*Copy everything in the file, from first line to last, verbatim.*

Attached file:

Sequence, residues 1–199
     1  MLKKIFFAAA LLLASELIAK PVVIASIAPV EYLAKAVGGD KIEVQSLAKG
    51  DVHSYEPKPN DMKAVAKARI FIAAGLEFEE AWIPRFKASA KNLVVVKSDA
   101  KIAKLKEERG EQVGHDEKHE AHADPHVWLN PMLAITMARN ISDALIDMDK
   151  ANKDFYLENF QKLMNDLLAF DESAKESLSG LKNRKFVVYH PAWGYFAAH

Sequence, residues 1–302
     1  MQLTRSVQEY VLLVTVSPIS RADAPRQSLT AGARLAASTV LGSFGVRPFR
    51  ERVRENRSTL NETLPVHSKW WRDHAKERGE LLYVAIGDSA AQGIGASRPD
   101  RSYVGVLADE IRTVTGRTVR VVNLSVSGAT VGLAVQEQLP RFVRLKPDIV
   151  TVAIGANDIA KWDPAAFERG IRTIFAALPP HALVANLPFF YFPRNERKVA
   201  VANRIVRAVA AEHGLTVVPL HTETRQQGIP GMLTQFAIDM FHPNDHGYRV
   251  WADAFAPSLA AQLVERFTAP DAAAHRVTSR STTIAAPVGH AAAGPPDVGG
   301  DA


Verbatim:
Sequence, residues 1–199
     1  MLKKIFFAAA LLLASELIAK PVVIASIAPV EYLAKAVGGD KIEVQSLAKG
    51  DVHSYEPKPN DMKAVAKARI FIAAGLEFEE AWIPRFKASA KNLVVVKSDA
   101  KIAKLKEERG EQVGHDEKHE AHADPHVWLN PMLAITMARN ISDALIDMDK
   151  ANKDFYLENF QKLMNDLLAF DESAKESLSG LKNRKFVVYH PAWGYFAAH

Sequence, residues 1–302
     1  MQLTRSVQEY VLLVTVSPIS RADAPRQSLT AGARLAASTV LGSFGVRPFR
    51  ERVRENRSTL NETLPVHSKW WRDHAKERGE LLYVAIGDSA AQGIGASRPD
   101  RSYVGVLADE IRTVTGRTVR VVNLSVSGAT VGLAVQEQLP RFVRLKPDIV
   151  TVAIGANDIA KWDPAAFERG IRTIFAALPP HALVANLPFF YFPRNERKVA
   201  VANRIVRAVA AEHGLTVVPL HTETRQQGIP GMLTQFAIDM FHPNDHGYRV
   251  WADAFAPSLA AQLVERFTAP DAAAHRVTSR STTIAAPVGH AAAGPPDVGG
   301  DA